• Thu
  • Dec 25, 2014
  • Updated: 11:40pm
NewsHong Kong

Mass rally planned against controversial property market cooling measures

Lawmaker urges government to drop loophole that would see flat buyers not having to pay higher duty if purchase is in name of offspring

PUBLISHED : Monday, 24 February, 2014, 11:44am
UPDATED : Tuesday, 25 February, 2014, 11:50am

A lawmaker has urged the government to drop a loophole that allows property buyers to avoid higher stamp duty by buying flats in their children's name.

The bill exempted first-time buyers under 18 from the double stamp duty, a provision their parents or guardians could abuse, Democratic Party legislator James To Kun-sun said.

"An adult can make use of this exemption as a loophole," To said. "Why does the government not eliminate this exemption, as it did [when it was included in] the bill on buyers' stamp duty?"

Mainlanders with Hong Kong-born children can also enlist the exemption.

To urged the government to plug the loophole and a few others before the law was passed.

To was speaking at a Legislative Council bills committee meeting to scrutinise the Stamp Duty (Amendment) Bill 2013. The tax took effect a year ago as an initiative to cool the market.

Since February 23 last year, buyers of properties worth more than HK$2 million incur stamp duty at rates at least double those before that date unless they are permanent residents buying their first home.

The new rate ranges from 1.5 per cent to 8.5 per cent, depending on the cost of the property.

The old rate was between HK$100 and 4.25 per cent.

Non-locals as well as companies must pay the new rate, plus a buyers' stamp duty of 15 per cent.

Mable Chan, deputy secretary for financial services and the treasury, did not consider the exemption a loophole, although she acknowledged it could allow parents to take advantage.

"I understand the concern," Chan said. "But [if the buyers are not locals] they already have to pay the buyers' stamp duty, so we do not want to further penalise them."

The buyers' stamp duty came into force on Saturday, along with a special stamp duty of 10 to 20 per cent on quick resales. Lawmakers are now moving on to the double stamp duty bill.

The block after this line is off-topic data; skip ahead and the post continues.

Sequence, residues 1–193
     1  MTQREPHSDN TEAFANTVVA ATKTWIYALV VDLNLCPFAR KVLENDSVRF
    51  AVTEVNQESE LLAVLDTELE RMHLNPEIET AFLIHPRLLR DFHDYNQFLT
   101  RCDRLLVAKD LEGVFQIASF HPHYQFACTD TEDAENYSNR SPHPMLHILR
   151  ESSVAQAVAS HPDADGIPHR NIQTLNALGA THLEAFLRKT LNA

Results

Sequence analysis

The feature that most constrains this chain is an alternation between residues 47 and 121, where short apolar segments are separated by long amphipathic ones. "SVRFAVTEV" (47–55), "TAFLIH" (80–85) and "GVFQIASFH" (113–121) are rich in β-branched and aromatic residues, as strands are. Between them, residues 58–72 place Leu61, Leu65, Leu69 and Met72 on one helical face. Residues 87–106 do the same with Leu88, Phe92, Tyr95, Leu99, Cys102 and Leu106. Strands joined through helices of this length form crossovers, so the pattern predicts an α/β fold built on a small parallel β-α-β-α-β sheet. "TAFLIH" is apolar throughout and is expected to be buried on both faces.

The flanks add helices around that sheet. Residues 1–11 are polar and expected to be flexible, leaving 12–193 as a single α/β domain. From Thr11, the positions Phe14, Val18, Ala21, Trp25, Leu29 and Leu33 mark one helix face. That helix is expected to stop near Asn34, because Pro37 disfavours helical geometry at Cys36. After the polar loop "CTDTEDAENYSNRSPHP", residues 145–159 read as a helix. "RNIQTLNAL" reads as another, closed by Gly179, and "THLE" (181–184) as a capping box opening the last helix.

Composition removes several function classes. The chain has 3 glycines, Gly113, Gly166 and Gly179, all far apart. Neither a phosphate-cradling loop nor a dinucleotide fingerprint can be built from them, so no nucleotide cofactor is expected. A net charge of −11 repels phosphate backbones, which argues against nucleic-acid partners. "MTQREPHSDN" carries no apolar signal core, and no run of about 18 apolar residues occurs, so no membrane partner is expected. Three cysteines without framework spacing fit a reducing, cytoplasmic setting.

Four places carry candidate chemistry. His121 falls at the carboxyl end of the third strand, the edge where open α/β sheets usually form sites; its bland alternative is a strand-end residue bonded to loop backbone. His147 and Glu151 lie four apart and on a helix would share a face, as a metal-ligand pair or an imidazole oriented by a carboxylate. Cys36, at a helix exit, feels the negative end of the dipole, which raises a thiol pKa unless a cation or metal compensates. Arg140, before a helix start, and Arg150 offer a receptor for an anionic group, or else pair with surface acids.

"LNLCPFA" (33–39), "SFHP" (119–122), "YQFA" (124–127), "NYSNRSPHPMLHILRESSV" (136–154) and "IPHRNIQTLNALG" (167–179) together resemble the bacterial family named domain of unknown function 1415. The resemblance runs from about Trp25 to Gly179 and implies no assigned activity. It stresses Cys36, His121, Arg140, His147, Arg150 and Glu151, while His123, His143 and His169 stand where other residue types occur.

Both bills fall under a system of "negative vetting", which allows the government to levy a tax before receiving approval.

Pro-establishment parties support the government's increase of stamp duty as a tool to cool real estate prices, while pro-business lawmakers object to it as market interference.

Outside the Legco building, about 300 property consultants, surveyors, site workers and others in the industry staged a protest against the new taxes.

The buyers' stamp duty "is not the end of the story. There is still another bill about market-cooling measures being examined by lawmakers," said Raymond Ho Man-kit, spokesman for the group, which called itself the Alliance of Victims of Government's Harsh Measures.

"We are not against anti-speculation. But the measures are so harsh that layman investors are also affected."

The alliance said it had collected about 150,000 signatures on a petition that it had handed to the government.

The alliance warned that more than a third of estate agents could be thrown out of work if the government refused to scrap its market-cooling measures. Estate Agents Authority data shows the number of estate agents has fallen for nine consecutive months.

The city had 35,645 agents last month, down from 37,173 in April.



Related topics

For unlimited access to:

SCMP.com SCMP Tablet Edition SCMP Mobile Edition 10-year news archive



This article is now closed to comments

charge them rent at vulture market rate for the area they occupy for their protest
report all Mainlander property transactions back to the Mainland Government to verify the status of the funds used were not black money or tax evasion
Impose a compound rates tax on empty apartments / houses
Govt should open a database of for sale & wanted property to et buyer / seller interaction without these vultures
Suggestion - learn something more than just stand around on weekends trying to convince people to buy property.
Learn a skill that allows you to build something and help others instead of just standing around in a crappy suit in shopping centers; you'll find that life will be more meaningful.
Instead of demonstrating, these goons should go find themselves a real job.
If theres one thing CY & his goons did right, its this. Credit to them.
I agree with the database of for sale and wanted properties. All the agencies pretty much have the same listings. I've found the value-add of most real estate agents to be nil. It's not in the best interest of the agent to get you the best price. In fact, it's contrary. Agents will always convince the seller to take a lower price and the buyer to increase their bid, with the aim to do a quick transaction.
The market is paying a 2% transaction fee for information that should be easy to obtain. There's an opportunity for a creative new market entrant to lower transaction fees while providing better services to customers.
I think Mainland or any foreign buyer can buy as they wish, but make the statistics public. I am pretty sure that a significant portion of foreign buyers are buying way above market. I wouldn't be surprised if many of those foreign buyers are getting kick-backs. This is a rigged market, not free market.
Can SCMP do some investigative reporting?


SCMP.com Account